Friday, October 12, 2012

Personalized Inquiry: Help your students classify, generate, and answer questions based on their own interests or common materials

Simpson, P. (2010). Personalized Inquiry: Help your students classify, generate, and answer questions based on their own interests or common materials. Science and Children, 48(4), 36-40.


This article on personalized inquiry provides a model for supporting students in the development of researchable questions based on their own interests.  It begins by asking students to create sketches of something familiar, like an ant.  Then by asking students to carefully observe real ants they discover the many features they did not notice/include in the sketches.  This leads to the establishment of criteria for careful observation.  After sharing and critiquing observations, students are asked to generate lists of questions about ants (~5 questions each).  Students share out their questions and create a class list of diverse questions.  

The questions can then be categorized by the class based on the type question and how it could be answered (experiment, literature-based research, observation, question not answered in science).  This process supports students in understanding the many ways that questions can be answered and the many strategies used to gather data.  Next, students create researchable questions for experiment.  

In the final activity, students work through a series of stations to support them in fine-tuning their ability to pose questions for research.  Each station contains a familiar item (packing peanuts, paper plate, gobstopper, etc) and a list of materials available in the classroom that can be used for experimentation (water, salt, light, ruler, scale, etc).  Students spend 20-30 min at each station generating lists of questions for research.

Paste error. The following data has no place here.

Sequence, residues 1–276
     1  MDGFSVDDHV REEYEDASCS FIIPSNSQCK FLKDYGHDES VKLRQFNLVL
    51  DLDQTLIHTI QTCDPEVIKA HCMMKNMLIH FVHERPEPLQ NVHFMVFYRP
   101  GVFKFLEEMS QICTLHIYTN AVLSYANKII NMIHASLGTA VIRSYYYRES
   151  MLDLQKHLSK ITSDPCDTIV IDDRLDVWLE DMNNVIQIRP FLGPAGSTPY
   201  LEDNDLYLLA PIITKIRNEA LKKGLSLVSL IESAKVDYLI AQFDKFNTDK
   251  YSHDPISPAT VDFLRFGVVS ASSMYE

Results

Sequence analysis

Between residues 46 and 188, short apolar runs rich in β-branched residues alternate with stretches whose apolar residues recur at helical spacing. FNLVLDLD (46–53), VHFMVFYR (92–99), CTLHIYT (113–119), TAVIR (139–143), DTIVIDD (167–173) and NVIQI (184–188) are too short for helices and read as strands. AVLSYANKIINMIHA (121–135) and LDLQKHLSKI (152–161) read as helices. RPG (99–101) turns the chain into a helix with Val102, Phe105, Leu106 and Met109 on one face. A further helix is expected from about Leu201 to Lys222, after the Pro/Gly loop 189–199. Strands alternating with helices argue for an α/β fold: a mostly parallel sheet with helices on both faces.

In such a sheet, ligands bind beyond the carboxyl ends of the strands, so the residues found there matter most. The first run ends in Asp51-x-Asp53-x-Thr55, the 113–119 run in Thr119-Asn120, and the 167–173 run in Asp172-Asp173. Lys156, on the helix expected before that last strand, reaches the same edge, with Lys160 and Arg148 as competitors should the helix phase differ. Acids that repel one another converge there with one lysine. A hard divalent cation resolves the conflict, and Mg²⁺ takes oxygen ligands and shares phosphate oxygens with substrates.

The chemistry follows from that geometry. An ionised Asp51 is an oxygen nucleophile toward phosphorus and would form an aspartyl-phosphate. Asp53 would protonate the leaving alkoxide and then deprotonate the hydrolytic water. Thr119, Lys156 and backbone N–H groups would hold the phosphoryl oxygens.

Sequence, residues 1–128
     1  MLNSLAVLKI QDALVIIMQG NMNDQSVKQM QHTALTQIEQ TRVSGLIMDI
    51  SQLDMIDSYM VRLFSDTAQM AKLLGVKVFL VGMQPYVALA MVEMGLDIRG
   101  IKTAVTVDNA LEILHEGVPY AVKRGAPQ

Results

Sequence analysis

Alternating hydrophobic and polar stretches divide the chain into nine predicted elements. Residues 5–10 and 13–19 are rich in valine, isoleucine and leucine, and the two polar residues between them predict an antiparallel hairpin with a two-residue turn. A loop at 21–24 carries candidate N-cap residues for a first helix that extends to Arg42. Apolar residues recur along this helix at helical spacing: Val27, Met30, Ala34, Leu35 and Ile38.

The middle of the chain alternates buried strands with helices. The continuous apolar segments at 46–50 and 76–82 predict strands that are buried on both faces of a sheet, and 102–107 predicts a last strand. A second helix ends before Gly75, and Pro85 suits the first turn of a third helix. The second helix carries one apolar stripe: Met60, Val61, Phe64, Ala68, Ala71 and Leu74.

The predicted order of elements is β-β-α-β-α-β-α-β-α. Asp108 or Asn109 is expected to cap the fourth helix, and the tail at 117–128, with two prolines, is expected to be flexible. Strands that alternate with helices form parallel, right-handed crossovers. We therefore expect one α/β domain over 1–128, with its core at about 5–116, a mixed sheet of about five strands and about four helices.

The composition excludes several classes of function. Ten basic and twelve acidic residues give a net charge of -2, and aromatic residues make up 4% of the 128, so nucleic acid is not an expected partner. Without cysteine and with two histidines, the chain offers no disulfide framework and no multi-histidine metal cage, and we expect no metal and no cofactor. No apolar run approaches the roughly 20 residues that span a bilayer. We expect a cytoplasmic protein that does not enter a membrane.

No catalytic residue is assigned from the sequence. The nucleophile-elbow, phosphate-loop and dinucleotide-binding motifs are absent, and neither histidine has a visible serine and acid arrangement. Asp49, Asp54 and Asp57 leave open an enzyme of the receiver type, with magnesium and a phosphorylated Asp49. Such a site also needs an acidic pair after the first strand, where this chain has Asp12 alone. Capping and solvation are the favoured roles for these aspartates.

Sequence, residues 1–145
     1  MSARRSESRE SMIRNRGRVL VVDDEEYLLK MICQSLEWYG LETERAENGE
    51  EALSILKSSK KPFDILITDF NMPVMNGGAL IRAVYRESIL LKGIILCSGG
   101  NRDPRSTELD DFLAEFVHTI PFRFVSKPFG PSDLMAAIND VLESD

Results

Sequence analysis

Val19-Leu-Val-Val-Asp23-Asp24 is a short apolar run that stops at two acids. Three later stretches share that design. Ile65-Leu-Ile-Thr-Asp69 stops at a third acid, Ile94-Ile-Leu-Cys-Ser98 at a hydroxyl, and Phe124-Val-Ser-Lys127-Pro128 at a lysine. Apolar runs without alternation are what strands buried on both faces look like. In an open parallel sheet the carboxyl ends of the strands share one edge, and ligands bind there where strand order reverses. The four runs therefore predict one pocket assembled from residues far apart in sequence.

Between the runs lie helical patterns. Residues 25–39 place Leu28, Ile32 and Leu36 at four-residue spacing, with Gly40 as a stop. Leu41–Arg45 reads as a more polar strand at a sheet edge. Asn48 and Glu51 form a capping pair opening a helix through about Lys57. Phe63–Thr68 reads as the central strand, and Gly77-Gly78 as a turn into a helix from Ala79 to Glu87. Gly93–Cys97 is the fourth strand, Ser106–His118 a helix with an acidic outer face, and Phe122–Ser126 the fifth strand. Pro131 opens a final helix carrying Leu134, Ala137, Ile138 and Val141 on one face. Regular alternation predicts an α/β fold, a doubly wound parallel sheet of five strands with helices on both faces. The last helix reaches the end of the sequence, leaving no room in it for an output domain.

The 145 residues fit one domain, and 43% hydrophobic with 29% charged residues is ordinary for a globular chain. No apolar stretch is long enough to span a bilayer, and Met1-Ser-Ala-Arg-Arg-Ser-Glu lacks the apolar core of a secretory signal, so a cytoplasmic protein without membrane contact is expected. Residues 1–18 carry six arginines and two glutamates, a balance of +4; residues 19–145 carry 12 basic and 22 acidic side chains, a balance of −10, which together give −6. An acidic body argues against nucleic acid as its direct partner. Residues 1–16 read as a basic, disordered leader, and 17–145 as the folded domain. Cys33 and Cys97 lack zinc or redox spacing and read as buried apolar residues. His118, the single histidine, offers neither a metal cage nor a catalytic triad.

This article seems to be a practical way to use inquiry in the classroom and could be customized to any subject.  It is similar to the idea of critical exploration popularized by Eleanor Duckworth.  It’s also a student-centered way to develop the ideals of scientific thinking and experimental design.  It could be a great way to start the year and create an awareness of the possibilities that exist for scientific research.  The skills could later be applied to larger research projects.    

Relevant Quotes/Concepts

“Familiarity with the topic is key”

“It seems to work equally well with students of all abilities as long as the students are initially familiar with the object or phenomenon they are working with.”

This is similar to work Eleanor Duckworth did with graduate students.  She asked them to observe common phenomena such as the moon.  Through the observations, over time, new insights develop that deepen the understanding of the phenomenon. 

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